“For me, there’s a lack of screen acting at drama schools in the UK. We focus so much on theatre, which is brilliant; the discipline you need for theatre is huge. But we could use some more screen acting. So many auditions you go for when you get out of drama school are screen-based, certainly in my case. I sort of learned as I went along. I did do some screen acting at drama school; only a couple of weeks in three years, which isn’t necessarily a huge amount considering you’re going to be doing quite a lot of it.”
More and more drama schools now offer courses that cover both mediums. Jane Harrison, principal of Arts Educational Schools London, views stage and screen as two different languages: ““And I want our students to be fluent in both French and Spanish as it were”.
However, many drama schools also offer purely screen acting courses. As Audition Doctor says to all her students, going on any course that solely focuses on one medium automatically makes future employment harder. With Max Irons revealing this week that both of his parents encouraged him to be a plumber/carpenter instead of an actor, it makes perfect sense to go to a drama school that gives you the opportunity to be well-versed in all disciplines so you can make some semblance of a living.
Many students that come to Audition Doctor are tempted to do purely screen acting courses, however, as Casting Director – Andy Pryor – stated in The Guardian: “Theatre is where you see people at their best…you often see actors playing very much against type: that way, you get a great idea of their range.” He then went onto explain how spotting Jack Farthing at the Royal Court led to him casting him in a Poliakoff drama, followed by a bigger part in BBC1’s comedy Blandings earlier this year.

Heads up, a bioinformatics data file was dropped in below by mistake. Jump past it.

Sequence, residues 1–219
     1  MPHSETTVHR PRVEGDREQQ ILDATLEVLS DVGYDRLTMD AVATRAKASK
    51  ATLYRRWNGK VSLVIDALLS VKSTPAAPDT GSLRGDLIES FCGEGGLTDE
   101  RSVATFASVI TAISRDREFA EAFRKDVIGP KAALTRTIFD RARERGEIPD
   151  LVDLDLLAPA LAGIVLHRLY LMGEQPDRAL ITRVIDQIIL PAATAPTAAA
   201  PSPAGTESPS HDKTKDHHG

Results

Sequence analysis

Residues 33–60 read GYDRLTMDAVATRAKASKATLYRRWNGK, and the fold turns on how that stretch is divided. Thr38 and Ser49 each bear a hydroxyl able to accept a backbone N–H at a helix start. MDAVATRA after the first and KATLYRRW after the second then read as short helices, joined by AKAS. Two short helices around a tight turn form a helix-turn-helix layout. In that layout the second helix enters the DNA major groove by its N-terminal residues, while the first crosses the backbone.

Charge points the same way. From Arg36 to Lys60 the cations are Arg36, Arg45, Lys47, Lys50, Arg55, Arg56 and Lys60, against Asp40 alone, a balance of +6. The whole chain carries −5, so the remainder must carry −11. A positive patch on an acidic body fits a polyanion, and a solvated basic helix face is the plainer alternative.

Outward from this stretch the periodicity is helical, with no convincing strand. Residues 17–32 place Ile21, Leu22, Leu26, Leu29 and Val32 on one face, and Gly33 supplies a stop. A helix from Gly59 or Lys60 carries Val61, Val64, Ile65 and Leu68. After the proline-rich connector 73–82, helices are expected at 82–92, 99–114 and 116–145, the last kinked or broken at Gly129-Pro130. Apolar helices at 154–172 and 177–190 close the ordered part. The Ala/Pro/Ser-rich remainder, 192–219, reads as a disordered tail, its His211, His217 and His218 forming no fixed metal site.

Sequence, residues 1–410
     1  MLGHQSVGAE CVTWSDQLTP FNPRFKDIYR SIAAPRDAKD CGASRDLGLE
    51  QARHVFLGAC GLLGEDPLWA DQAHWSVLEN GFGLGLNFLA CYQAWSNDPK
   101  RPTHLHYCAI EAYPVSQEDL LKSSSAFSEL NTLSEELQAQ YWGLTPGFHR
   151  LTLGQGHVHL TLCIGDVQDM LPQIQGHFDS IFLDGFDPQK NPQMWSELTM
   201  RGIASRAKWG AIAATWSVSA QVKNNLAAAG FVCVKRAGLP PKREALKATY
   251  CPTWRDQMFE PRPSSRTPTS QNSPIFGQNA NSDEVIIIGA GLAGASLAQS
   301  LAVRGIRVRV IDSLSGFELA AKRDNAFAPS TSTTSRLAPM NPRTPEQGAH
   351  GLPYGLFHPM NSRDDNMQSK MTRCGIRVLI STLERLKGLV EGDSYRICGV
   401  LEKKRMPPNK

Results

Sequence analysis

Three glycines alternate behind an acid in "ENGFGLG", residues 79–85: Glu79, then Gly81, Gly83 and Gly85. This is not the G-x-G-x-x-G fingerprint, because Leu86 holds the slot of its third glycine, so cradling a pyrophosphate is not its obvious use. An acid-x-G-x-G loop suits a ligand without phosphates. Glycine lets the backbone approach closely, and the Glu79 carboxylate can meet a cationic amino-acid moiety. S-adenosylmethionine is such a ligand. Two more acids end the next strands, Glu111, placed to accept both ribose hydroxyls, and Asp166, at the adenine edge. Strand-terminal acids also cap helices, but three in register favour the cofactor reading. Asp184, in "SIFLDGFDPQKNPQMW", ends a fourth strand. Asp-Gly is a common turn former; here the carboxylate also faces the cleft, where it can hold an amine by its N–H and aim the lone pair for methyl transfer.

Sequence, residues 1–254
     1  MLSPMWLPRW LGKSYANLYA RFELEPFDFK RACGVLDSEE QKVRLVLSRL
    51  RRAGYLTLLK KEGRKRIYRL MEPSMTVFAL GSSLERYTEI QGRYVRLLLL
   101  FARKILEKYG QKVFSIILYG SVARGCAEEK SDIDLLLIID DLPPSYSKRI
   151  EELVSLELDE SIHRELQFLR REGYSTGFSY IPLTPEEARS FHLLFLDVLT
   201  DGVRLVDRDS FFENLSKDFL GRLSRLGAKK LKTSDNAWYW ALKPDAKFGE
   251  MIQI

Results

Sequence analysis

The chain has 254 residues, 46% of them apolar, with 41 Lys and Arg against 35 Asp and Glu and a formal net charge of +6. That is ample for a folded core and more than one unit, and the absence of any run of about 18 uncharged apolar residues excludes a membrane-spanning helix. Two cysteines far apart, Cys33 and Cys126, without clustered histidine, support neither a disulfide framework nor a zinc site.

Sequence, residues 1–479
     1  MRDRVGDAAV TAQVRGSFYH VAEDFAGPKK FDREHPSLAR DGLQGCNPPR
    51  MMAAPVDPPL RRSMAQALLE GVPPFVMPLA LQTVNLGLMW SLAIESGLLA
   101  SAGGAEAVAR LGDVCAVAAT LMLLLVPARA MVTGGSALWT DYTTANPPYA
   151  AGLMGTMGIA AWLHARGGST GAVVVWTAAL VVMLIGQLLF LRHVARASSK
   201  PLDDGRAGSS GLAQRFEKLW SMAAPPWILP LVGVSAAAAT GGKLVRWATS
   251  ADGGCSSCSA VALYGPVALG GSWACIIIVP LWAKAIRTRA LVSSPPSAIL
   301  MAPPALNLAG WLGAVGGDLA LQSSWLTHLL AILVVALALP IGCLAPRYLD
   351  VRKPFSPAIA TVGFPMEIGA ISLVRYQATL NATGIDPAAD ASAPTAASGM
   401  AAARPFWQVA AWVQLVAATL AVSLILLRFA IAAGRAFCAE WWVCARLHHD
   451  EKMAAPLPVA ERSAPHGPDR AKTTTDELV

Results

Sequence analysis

Selecting a drama school that equips you with as many skills as possible is an advantageous move career-wise. But many skills can only be learned through experience of being in the profession itself. As Hopper states: “Drama school builds discipline and gives you a structure. If you’re like a sponge and absorb all the information you’re given, you can then take bits from it when you need them. But it doesn’t prepare you for the life of an actor. Work isn’t necessarily going to happen straight away; it’s about sticking to it. There’s a lot of things to deal with, like the psychological element of being in and out of work. You’re self-employed at the end of the day and you have a product to sell, and drama school doesn’t teach you about that.”
Whether you are applying to drama schools or auditioning for jobs, you are marketing yourself as a product and there is a need to ensure that you are psychologically and emotionally prepared.
Paul Clayton claimed recently : “Someone once said to me, “Do one thing every day that might get you a job, and then live your life for the rest of the day.” That’s what being an actor means.” Audition Doctor sessions are demanding, but as a result, have frequently been the thing that have got someone a place at drama school or an acting job. This means whatever the outcome of your audition, you can live the rest of the day free from the anxiety that comes from fearing you haven’t done enough.